‘FEED a cold, starve a fever’ as the old saying goes, and what better way to fill up on food than with some good old-fashioned pub grub?

I had begun to feel under the weather as my turn on the food review rota approached and I initially feared that I may have to face the near-impossible challenge of describing in up to 1,000 words how a meal tastes and smells while both of those senses were completely incapacitated by the dreaded lurgy.

Fortunately, on the day of the dinner itself, the worst of the cold had passed and my taste-buds didn’t feel like they were covered in clingfilm any more, which was something to be thankful for.

I had decided to visit the Runner after fond memories of lovely Sunday dinners with housemates there sprang to mind and I’d realised that the Adver had not reviewed the pub since it was refurbished and renamed from the Running Horse several years ago, so this seemed like the perfect time to head over.

Swindon Advertiser:

Not wishing to spread my virus too widely, I ventured out alone and entered the spacious and historic tavern which has served innumerable customers since it was first constructed in 1821 and then rebuilt by Arkell’s in 1891.

Some of this history is evident on the decorations and framed pictures hanging on the walls and pillars though it mainly looks like any other gastropub on the inside.

As I arrived, I found that I was far from the first person wanting to tuck into a delicious dinner there and the air was full of chatter – not packed with people but busy enough to create a steady background murmur of conversation and clinking cutlery.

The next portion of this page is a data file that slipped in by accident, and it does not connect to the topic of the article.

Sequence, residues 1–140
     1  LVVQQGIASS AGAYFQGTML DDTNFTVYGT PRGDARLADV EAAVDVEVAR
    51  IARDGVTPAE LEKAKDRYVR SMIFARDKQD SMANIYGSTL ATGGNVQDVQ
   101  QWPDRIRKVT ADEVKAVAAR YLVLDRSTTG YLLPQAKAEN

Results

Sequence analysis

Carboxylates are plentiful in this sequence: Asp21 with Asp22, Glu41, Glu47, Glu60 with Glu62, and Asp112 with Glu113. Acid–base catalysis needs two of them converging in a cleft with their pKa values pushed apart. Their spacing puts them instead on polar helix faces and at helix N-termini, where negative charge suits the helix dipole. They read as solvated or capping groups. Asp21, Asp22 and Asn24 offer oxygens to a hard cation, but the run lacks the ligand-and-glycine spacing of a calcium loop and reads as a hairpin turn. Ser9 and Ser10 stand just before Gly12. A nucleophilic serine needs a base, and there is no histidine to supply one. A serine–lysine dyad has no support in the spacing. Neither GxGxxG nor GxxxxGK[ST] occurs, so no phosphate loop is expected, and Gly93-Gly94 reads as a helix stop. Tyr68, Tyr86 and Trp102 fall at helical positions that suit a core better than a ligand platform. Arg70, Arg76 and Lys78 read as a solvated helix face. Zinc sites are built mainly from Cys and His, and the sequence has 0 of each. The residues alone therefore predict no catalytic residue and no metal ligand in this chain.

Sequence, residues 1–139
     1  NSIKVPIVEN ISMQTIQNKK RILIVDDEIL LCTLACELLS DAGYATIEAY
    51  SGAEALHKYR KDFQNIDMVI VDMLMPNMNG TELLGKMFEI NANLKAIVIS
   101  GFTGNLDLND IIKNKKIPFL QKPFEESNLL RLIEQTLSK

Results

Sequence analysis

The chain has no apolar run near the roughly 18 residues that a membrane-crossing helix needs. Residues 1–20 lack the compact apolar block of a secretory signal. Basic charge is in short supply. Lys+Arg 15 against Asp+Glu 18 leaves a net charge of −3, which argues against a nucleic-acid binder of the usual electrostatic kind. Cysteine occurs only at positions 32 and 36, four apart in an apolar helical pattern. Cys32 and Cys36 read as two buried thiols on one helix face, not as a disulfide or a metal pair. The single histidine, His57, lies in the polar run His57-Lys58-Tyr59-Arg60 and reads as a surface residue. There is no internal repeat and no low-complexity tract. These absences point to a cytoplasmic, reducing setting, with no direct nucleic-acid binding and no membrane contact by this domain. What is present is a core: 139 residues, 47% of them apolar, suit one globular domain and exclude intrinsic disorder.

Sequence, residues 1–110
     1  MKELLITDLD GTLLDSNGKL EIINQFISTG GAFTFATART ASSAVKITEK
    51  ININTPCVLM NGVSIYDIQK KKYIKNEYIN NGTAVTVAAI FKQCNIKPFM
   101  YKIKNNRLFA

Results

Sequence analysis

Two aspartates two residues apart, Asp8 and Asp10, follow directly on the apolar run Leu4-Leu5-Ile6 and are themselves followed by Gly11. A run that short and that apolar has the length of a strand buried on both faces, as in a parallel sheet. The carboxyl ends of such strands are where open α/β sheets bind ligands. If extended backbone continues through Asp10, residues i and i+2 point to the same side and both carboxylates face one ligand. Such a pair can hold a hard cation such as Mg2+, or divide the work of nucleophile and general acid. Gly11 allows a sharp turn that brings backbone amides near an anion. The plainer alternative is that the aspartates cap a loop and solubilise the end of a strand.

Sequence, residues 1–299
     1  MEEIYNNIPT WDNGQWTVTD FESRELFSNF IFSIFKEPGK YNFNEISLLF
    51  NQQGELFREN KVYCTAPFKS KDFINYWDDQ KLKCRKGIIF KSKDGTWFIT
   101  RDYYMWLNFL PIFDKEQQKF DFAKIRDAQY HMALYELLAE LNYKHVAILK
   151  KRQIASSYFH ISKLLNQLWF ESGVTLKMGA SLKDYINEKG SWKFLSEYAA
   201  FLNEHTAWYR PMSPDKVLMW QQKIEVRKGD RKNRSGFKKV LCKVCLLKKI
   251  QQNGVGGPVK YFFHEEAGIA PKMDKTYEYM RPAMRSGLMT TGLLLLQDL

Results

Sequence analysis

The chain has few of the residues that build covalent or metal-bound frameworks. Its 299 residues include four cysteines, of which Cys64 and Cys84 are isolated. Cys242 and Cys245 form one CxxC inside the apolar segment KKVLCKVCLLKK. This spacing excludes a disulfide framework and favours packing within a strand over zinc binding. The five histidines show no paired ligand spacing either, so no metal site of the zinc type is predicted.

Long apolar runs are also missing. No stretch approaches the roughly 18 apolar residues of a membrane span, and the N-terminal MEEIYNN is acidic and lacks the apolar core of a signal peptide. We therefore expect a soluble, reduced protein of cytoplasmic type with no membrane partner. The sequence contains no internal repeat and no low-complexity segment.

Some punters sat out in the sunshine with a brew while children laughed and played on the climbing frame. It will be much busier this time next week, I thought, when the Swindon Duck Race returns and the Runner’s beer garden becomes an ideal spot to watch the river run yellow with rubber.

After a quick glance at the Sunday lunch menu, I ordered the topside of beef (10.95) and a Diet Coke from the friendly bar staff before returning to a small table that felt out-of-the-way due to its pillar-side location but the pub’s layout is open enough that this still offered a good vantage point for the rest of the Runner.

Swindon Advertiser:

A group of guys got a round in while one family opted to avoid Sunday dinners entirely and enjoyed meals from the normal menu, which offers dishes like hand-carved Wiltshire ham and eggs with chunky chips and peas (£9.95), spring veg and minted pea Quinotto (£9.95), handmade asparagus and mushroom pie (£10.75), and a trio of sausages and mash (£11.95).

My food arrived so quickly that I got caught slightly off-guard while making ‘subtle’ review notes in my phone about the music playing over the speakers. A football match on the big-screen TV had been muted so the soundtrack to my Sunday lunch was a mixture of cheesy 90s pop which I hadn’t noticed on previous visits. It had an oddly-transportive nostalgic effect on me – was I sat in a Swindon pub or on the benches at a Newport primary school disco?

Swindon Advertiser:

The meal looked good and I was eager to tuck in, though my sole disappointment was a distinct lack of gravy - “Tragedy!” blared the speakers and I was inclined to agree.

Maybe I’m just greedy and had been spoiled by my Nan’s homemade Sunday dinners which were positively swimming in the stuff, sometimes to the point where none of the meat was actually visible and the vegetables almost bobbed along like buoys. Here, by comparison, the tide had gone out and the large Yorkshire pudding had been beached on the generous slices of beef, which had absorbed much of the gravy and left little to go around.

Aside from this minor gripe, I had a pleasant hour in the Runner and really enjoyed my meal, with its tasty beef, flavourful dollop of stuffing, soft Yorkshire pudding, crunchy roast potatoes, bite-sized sausage, and assorted vegetables which were, well, it’s difficult to say anything interesting about carrots and cauliflower, but they were fine too. I left full, satisfied, and suddenly feeling an awful lot better than when I'd walked in, -though next time I must remember to ask for more gravy.